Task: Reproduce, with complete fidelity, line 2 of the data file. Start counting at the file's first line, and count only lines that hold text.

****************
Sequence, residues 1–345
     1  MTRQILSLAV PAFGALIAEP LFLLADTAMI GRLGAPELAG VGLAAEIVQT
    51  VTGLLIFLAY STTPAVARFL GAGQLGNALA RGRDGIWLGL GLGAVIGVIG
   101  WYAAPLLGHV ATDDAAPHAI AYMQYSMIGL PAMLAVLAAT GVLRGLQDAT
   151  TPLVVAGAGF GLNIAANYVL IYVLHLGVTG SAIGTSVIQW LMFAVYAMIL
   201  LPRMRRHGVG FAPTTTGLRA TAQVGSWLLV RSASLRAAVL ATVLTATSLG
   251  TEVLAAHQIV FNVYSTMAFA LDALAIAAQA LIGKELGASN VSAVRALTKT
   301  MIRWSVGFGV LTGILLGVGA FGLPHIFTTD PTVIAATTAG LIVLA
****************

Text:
     1  MTRQILSLAV PAFGALIAEP LFLLADTAMI GRLGAPELAG VGLAAEIVQT